Training confident primary MFL teachers.
In, Annual Conference of the British Educational Research Association (BERA) 2004, Manchester, UK,
15 - 18 Sep 2004.
This TTA funded project is researching which aspects of current PGCE (Primary) courses the trainees believe to be the most effective in preparing them to teach MFLs in schools.
In February 2002 the DfES published a new policy statement for language learning over the next decade. One of its aims is that by the year 2012 all primary pupils will be entitled to learn a Modern Foreign Language in school. This is not the first attempt to expand MFL teaching and learning in primary schools. An extensive pilot scheme was carried out in the 1960s and 70s, introducing French into primary schools. This was discontinued after the NFER evaluation of its success was published in 1974. It was claimed that one of the principal reasons for the failure of the scheme was the inadequate training of teachers (Burstall et al 1974). In order to avoid the mistakes of the previous attempt to expand MFL provision into primary schools being repeated this issue must be addressed (QCA 2001).
As a result, the Primary Language Teacher Training Project was established in 2001. During the first 2 years 13 HEIs in England were involved, partnered with 13 in France. By the third year of the project the number of languages being taught had expanded and the number of providers had increased significantly.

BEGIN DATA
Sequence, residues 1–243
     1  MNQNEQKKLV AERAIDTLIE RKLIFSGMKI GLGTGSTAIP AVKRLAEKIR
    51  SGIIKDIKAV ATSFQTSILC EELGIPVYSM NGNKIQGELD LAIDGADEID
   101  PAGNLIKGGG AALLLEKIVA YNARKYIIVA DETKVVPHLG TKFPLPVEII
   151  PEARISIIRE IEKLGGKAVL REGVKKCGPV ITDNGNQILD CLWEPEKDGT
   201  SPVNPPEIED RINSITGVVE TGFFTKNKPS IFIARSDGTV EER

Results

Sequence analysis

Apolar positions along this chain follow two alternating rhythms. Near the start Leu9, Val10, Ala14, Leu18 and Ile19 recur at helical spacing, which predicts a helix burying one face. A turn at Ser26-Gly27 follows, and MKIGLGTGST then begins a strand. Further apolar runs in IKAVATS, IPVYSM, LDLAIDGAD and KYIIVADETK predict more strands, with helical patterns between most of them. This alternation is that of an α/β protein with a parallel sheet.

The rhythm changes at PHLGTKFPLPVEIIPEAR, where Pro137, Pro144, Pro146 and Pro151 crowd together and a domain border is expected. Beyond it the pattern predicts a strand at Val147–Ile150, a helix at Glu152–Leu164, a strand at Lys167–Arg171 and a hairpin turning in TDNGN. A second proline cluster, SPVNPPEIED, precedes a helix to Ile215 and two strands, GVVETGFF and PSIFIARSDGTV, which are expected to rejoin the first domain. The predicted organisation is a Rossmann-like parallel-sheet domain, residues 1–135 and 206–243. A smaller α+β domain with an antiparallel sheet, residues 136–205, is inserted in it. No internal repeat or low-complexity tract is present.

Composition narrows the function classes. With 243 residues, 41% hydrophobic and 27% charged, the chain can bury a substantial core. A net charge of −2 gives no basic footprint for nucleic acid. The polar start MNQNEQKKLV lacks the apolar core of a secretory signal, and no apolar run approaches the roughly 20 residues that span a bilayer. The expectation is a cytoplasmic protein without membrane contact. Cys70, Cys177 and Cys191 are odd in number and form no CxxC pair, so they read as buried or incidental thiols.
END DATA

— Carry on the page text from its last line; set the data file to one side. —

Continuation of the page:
The data presented is drawn from an investigation conducted with trainees from 16 HEIs currently involved with the Project. The investigation uses a multi -modal methodology; questionnaires, semi - structured interviews and focus groups. An important feature for all trainees participating in this Primary Language Teacher Training Project is the school based placement overseas. During this time trainees are required to plan, teach and assess the primary curriculum through the target language whilst based in a partner institution within Europe. A significant outcome of this placement widely reported by trainees is the positive impact this experience has on their own linguistic competence and the enhancement of their cultural awareness.
Ofsted (2001) advised that teachers need an appropriately high level of linguistic competence in order to teach MFLs effectively in primary classrooms. Driscoll (1999) also identified the need for appropriate cultural development. Findings to date would indicate that the experiences the trainees gain as part of this Project fully enable them to address both these issues.
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